Classic Computer Magazine Archive ANTIC VOL. 2, NO. 7 / OCTOBER 1983



Brotherhood at Broderbund


Broderbund Software, responsible for such popular computer games as Choplifter, Alien Rain and David's Midnight Magic, was started in Eugene, Oregon, in 1980 by two brothers - Doug and Cary Carlston. They started on the strength of a series of strategy games, called Galactic Saga, written by Doug on his TRS-80. Doug was a practicing lawyer (Harvard Law School, 1975), but gradually the potential of the software business weaned him from legal work completely.

Brother Gary, also a Harvard graduate (B.A. in Scandinavian literature, 1973), was shuttling back and forth to Sweden, where he coached a women's basketball team that won the Swedish national championship. He also taught Swedish at the University of Washington in Seattle.

By 1979 Dong had sold a few programs to Scott Adams at Adventure International and to TSE Softside. This minor success encouraged him to enlist brother Gary's efforts in a software company.

Broderbund is now located in San Rafael, California, "closer to the action," and has grown from five to 60 people. The brothers have been joined by sister Cathy, formerly a buyer for Lord and Taylor's in New York. The trio is represented in the company logo, three crowns, which is also the Swedish national emblem.

ANTIC: The first games you wrote were for the TRS-80, but soon you began focusing on the Apple market? What happened?

DOUG: Software for the TSR-80 turned out to be a terrible market because most of the distribution networks were closed, even though there were plenty of machines out there. In March, 1980, we were able to get a booth at the Fifth West Coast Computer Fair. At the show, Gary and I met some Japanese traders and they had some very good Apple programs. We pursued them and also put a letter in 3 Japanese magazine asking Japanese programmers to write to us. A trader came back in June with programs and we started buying them from him. We got a good entertainment line going for the Apple which was mostly from Japan.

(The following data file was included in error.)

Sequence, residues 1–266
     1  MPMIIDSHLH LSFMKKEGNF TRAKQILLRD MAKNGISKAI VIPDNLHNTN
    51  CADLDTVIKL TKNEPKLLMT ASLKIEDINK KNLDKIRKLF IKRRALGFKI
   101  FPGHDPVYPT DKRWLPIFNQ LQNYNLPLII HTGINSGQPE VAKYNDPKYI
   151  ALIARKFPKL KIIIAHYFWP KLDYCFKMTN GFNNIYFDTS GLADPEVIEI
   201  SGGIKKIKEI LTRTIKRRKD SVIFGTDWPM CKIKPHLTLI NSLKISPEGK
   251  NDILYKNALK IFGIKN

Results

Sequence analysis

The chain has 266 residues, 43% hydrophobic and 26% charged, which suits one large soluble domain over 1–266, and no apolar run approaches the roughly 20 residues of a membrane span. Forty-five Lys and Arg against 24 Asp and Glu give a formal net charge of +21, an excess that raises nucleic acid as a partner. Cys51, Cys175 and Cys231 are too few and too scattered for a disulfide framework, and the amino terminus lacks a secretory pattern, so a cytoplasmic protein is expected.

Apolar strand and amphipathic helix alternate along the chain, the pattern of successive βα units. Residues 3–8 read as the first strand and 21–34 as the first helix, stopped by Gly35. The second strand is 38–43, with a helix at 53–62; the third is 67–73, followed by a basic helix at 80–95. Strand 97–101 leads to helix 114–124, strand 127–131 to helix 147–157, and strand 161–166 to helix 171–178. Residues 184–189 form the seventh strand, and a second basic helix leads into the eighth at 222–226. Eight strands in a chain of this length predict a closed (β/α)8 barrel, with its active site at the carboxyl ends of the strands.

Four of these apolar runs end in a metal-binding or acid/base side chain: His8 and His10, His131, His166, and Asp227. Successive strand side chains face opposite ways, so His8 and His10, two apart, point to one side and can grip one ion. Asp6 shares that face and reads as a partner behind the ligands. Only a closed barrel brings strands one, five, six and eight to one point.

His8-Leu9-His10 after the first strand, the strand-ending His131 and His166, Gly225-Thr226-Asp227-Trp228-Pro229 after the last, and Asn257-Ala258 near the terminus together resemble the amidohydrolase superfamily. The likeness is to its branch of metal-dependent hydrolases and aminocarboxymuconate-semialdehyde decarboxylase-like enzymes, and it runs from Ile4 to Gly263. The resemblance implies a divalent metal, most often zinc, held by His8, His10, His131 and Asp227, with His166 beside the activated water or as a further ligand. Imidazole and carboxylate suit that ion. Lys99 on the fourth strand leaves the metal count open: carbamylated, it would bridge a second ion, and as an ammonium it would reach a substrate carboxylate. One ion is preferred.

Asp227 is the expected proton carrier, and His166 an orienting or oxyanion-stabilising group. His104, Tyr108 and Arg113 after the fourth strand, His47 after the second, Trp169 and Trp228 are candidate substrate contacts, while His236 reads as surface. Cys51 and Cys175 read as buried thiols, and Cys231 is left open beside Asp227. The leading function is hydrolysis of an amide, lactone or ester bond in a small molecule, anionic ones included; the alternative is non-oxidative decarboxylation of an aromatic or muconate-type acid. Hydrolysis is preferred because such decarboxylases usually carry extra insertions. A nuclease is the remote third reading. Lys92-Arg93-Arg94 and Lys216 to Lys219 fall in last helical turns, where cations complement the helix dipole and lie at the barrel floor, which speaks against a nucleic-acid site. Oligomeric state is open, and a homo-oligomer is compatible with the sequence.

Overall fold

ANTIC: What were the names of some of those earlier games from Japan? What was the first big hit!

GARY: The first was Alien Rain. That hit the market in December, 1980. Two others were Hyper Head-On and Galaxy Wars, but they weren't very successful. They had to be played sideways on American T.V.s.

ANTIC: And each of these games was written for the Apple?

GARY: Yes. One interesting note for ANTIC's readers was the friendly pressure we kept receiving from A.C.E. newsletter to get into the Atari market, which we resisted for a long time because we didn't have any programmers for the ATARI.

ANTIC: Why couldn't the people who were doing the programming for the Apple also program for the ATARI?

DOUG: They were all in Japan. They'd never even seen an ATARI. Furthermore they didn't have any interest in it. We didn't get our first ATARI program out of Japan until six months ago. A.E. was the first one the Japanese had ever done on the ATARI.

ANTIC: So you're still in close contact with Japan.

CATHY: In fact we're going to have to interrupt this interview any minute now because we're expecting a bus load of eleven Japanese.

ANTIC: Eleven Japanese programmers? What will they be doing here?

CATHY: Six of them are programmers, the others are friends. They're going to be here for a month and they're here to learn. They don't know enough about the ATARI yet, so they're going to learn all the techniques and utilities we have here and take them back to Japan.

ANTIC: Are they working for Broderbund in Japan?

GARY: Their company is called Programmer's 3 and we have been partners for three and a half years.

DOUG: We do all the marketing and distribution and a lot of the editing on the programs. We try to give them a sense of what Americans do and don't like, etc. We communciate a lot. We have a full-time time Japanese translator on our staff and we try to see them a few times a year. In between we send stuff back and forth.

ANTIC: Cathy, what has been your role with the company?

CATHY: Originally I came to take charge of the office management, bookkeeping, administration, that sort of thing. After a while I noticed that our advertising was getting a little stale. We kept running the same ads all the time. I pointed this out, and was quickly appointed to do something about it. Since then I've been overseeing advertising, too.

ANTIC: How many programmers are working for Broderbund now and what machines are they mostly writing on?